By 2030, one in five Americans, or 72 million people, will have reached retirement age, according to population projections by the Pew Research Center. That’s more than twice as many seniors as there were in 2000. But, so far, venture funding for technologies targeted at the senior population remains anemic.
In a recent study, retirement lobby group AARP found that from 2001 to 2010, VC investment in startups that target the 50-plus market, which covers 104 million Americans, was only $2 billion, a sliver of the total venture investments of $250 billion in the period.
Jody Holtzman, senior vice president of thought leadership at AARP, is on a mission to change that. For the past several years, he’s been knocking on VC doors, explaining why this opportunity is too big to ignore. His group has also helped promote entrepreneurship in the 50-plus care space by organizing startup contests around senior care innovation and partnering with health-related accelerator programs like Startup Health and Rock Health.
“This is an emerging market in plain sight that nobody sees,” Holtzman said. “It’s kind of bizarre. If we were a limited partner in your fund, we would want to know why you would leave money on the table by ignoring a market of over 100 million people who spend over $3 trillion per year, and is the only humongous growth market that exists.”
People familiar with the gray market (some call it the longevity market or, more broadly, the 50-plus market) point to a number of interesting young companies in the space, some of which have raised modest sums of capital:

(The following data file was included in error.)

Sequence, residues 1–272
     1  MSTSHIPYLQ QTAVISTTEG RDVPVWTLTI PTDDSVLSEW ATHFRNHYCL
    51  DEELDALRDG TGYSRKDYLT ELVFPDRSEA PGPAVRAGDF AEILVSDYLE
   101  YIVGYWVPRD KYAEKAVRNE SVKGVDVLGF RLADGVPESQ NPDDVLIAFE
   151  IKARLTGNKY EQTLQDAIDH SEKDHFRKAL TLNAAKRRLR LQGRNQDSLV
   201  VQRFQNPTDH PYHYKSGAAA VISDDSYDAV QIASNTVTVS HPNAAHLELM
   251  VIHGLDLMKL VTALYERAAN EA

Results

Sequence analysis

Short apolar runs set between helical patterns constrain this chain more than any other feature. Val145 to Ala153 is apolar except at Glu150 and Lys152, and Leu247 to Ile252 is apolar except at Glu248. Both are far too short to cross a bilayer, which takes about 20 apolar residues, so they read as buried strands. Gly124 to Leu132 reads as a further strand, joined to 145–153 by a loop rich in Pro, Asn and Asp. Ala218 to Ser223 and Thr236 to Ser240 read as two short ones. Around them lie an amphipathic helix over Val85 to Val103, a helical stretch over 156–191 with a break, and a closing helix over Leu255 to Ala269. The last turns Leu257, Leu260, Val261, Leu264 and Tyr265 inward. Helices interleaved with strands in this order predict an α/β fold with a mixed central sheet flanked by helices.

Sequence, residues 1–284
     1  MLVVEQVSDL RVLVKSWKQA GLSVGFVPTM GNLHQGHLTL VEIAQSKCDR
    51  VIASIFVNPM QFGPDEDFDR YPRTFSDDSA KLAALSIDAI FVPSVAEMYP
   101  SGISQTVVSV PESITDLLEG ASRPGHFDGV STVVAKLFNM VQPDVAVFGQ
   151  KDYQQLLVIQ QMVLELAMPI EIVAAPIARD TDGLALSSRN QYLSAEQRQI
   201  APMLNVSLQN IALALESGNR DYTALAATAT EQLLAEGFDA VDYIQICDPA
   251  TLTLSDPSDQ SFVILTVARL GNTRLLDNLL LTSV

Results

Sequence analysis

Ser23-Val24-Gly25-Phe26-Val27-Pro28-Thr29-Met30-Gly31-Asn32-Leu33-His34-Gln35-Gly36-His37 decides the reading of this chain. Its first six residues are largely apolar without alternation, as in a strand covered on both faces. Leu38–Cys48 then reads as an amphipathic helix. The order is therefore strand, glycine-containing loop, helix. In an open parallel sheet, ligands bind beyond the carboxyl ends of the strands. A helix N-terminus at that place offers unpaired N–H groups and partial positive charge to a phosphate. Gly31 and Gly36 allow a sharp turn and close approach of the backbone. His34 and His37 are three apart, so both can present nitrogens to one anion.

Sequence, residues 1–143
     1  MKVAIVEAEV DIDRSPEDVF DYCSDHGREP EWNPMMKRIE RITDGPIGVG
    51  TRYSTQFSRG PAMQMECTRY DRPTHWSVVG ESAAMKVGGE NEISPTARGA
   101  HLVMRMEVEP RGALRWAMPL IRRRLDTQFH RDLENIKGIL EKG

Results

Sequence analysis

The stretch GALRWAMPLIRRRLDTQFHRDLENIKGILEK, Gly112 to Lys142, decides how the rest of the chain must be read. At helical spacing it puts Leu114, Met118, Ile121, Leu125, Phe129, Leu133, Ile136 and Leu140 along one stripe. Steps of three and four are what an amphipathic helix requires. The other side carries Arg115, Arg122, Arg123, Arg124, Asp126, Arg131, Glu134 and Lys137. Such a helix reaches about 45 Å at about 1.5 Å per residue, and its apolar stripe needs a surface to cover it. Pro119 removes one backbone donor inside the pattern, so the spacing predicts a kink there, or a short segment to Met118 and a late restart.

Lively, an in-home sensor system that gives older adults a way to measure their healthy living patterns. The company raised $4.8 million from Cambia Health Solutions and Maveron.
SilverRide, a transportation service for older adults. Basically, it’s the equivalent of Uber or Lyft for the senior set. The company has not raised venture capital, but insiders say it may do so soon.
CareLinx, an online professional caregiver network that helps consumers find and pay caregivers who match their specific needs and budget. The company has raised $1.5 million in private funding.
QMedic, a home health monitoring system that sends automated behavioral alerts to caregivers to protect seniors in the event they’re unable to press the emergency button. The company recently received $2.2 million from the National Cancer Institute.
GeriJoy, a virtual pet therapy app designed to help seniors battle loneliness and improve their mental health. The company has no institutional funding.
OpenPlacement, provides seniors, families and care coordinators real-time information and tools so they can find the right senior housing and home care provider. Raised $100,000 from San Francisco-based digital health incubator Rock Health.
VCs have their reasons for avoiding the senior care market, which basically boils down to “show us the money.” To date, there hasn’t been much of it. The only noticeable exit in the space happened in 2006 when Lifeline Systems, makers of the emergency alert necklace for seniors, sold to Philips Electronics for $750 million.
Photo courtesy of Reuters News